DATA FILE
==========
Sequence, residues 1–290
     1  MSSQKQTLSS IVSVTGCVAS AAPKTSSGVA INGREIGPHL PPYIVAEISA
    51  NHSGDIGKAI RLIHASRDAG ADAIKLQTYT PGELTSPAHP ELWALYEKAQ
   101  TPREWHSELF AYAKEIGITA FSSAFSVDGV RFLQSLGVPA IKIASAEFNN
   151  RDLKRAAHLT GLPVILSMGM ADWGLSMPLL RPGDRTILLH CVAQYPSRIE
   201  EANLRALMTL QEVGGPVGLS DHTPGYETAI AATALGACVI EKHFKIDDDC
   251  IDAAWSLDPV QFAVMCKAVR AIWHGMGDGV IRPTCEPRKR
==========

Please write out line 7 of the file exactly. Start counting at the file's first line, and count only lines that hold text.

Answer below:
   251  IDAAWSLDPV QFAVMCKAVR AIWHGMGDGV IRPTCEPRKR